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The effect of centre bow and wet-deck geometry on wet-deck slamming loads and vertical bending moments of wave-piercing catamarans

Shabani, B, Lavroff, J ORCID: 0000-0001-5262-8666, Holloway, DS ORCID: 0000-0001-9537-2744, Davis, MR and Thomas, GA 2018 , 'The effect of centre bow and wet-deck geometry on wet-deck slamming loads and vertical bending moments of wave-piercing catamarans' , Ocean Engineering, vol. 169, no. 1 , pp. 401-417 , doi: 10.1016/j.oceaneng.2018.09.028.

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Abstract

An experimental study was performed to determine the influence of centre bow length and tunnel height on the magnitude of the wave slamming loads and bending moments acting on a 112 m Incat wave-piercer catamaran vessel. A 2.5 m hydroelastic segmented catamaran model was tested in regular head sea waves at a high model speed in multiple test series, whilst five centre bow (CB) and wet-deck configurations were considered, designated here as the parent, low, high, long and short CBs. The model global motions, centre bow slam loads, accelerations, and slam induced vertical bending moments of the catamaran model in waves were measured. It was found that the slamming force, the centre bow entry force and slam induced bending moment all increase as the centre bow length increases. Increasing the wet-deck height increased the motions but reduced the maximum slam load in moderate waves. It was seen that the short CB was the best design for the alleviation of slam loads. The high CB was the second best choice for operation in moderate waves but it was the worst configuration in terms of heave and pitch motions among various CB configurations tested.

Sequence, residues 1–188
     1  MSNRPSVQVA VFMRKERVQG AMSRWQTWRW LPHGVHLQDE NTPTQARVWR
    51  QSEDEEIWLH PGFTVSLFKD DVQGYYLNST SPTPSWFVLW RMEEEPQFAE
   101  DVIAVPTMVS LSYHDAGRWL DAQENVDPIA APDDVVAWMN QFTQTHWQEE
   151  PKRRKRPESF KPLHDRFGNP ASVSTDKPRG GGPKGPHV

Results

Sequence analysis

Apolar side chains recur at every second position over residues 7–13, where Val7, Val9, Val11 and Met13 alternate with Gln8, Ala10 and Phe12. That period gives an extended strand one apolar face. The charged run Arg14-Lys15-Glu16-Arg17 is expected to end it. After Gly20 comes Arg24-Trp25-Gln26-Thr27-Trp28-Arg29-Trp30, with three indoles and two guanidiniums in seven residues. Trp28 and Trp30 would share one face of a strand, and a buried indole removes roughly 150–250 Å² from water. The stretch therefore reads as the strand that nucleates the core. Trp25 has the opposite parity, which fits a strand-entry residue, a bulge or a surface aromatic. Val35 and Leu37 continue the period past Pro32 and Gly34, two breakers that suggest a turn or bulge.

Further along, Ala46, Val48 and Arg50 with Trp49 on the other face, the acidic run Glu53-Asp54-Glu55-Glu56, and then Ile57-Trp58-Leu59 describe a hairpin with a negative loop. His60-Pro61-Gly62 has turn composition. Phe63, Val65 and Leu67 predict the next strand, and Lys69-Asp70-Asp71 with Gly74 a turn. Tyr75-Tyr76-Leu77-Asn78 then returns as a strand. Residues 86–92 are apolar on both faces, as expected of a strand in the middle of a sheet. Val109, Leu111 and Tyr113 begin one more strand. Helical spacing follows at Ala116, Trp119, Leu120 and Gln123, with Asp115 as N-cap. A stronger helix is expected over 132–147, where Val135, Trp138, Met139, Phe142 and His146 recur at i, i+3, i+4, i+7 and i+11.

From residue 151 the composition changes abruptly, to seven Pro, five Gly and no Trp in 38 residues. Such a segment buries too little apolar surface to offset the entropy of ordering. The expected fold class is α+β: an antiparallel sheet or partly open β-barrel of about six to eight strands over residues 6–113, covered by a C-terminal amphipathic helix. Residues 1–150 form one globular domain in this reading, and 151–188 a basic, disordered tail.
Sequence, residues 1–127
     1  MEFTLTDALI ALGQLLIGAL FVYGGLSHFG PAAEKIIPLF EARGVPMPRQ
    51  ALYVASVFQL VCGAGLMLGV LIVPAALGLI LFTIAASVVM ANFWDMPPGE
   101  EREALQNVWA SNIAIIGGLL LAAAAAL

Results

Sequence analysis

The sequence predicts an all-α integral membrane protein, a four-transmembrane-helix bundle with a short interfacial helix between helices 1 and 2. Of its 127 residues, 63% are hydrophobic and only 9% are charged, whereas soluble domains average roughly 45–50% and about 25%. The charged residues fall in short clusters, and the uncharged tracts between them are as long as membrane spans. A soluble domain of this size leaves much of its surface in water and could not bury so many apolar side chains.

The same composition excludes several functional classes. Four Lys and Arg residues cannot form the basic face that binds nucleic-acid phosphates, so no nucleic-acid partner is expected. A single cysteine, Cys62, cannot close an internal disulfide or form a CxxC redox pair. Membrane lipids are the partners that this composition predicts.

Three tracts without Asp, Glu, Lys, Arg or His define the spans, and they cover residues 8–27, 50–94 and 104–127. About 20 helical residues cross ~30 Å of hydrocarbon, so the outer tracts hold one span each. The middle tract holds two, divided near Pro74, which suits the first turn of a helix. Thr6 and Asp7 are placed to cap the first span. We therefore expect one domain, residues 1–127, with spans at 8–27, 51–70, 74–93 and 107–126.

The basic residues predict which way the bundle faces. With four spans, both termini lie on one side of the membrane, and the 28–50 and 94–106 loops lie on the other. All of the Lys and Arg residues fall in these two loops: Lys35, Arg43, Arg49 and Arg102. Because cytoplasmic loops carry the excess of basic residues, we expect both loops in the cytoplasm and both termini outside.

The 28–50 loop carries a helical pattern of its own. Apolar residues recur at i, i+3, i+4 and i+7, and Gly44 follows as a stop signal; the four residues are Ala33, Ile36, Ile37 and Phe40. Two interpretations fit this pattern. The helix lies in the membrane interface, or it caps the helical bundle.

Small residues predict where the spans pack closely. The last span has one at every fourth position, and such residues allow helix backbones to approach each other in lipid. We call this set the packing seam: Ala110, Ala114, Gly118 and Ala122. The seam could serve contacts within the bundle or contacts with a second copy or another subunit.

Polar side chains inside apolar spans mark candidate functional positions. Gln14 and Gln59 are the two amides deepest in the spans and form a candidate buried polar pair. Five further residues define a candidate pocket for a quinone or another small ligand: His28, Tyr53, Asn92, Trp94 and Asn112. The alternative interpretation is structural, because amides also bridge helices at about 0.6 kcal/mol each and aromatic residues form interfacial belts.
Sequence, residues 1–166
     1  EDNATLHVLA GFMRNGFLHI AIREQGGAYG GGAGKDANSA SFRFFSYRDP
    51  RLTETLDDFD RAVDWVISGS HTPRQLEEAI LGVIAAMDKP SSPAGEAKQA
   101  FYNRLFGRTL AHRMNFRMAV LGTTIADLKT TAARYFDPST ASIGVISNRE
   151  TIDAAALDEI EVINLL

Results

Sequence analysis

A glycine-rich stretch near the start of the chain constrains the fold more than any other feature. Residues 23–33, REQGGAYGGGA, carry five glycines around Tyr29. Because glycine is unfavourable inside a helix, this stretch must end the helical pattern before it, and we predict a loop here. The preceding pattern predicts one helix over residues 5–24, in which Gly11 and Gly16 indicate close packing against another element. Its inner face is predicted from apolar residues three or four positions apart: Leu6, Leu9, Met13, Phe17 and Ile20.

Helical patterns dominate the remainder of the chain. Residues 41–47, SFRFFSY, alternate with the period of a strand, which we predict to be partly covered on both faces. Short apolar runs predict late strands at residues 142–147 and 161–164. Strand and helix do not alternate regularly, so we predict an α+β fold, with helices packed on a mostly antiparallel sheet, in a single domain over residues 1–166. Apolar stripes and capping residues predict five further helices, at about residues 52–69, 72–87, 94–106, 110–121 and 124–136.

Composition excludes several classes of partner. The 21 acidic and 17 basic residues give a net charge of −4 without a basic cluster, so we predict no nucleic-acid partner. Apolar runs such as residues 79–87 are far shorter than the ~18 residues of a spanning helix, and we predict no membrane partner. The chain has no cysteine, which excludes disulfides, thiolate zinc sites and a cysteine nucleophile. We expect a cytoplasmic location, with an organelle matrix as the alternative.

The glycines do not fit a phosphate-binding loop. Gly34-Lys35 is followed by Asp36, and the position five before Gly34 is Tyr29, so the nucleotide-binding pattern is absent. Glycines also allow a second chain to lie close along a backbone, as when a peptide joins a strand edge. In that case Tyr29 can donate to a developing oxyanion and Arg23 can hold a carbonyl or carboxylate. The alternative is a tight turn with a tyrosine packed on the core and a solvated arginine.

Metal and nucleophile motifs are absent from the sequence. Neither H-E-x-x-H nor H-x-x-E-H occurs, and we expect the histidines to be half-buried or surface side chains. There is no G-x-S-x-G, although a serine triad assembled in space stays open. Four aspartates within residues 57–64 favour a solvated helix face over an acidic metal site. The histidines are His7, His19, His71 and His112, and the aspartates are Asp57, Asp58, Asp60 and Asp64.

Item Type: Article
Authors/Creators:Shabani, B and Lavroff, J and Holloway, DS and Davis, MR and Thomas, GA
Keywords: catamaran, hydroelastic segmented model, wet-deck slamming, centre bow, relative motion, vertical bending moment
Journal or Publication Title: Ocean Engineering
Publisher: Pergamon-Elsevier Science Ltd
ISSN: 0029-8018
DOI / ID Number: 10.1016/j.oceaneng.2018.09.028
Copyright Information:

Copyright 2018 Elsevier Ltd.

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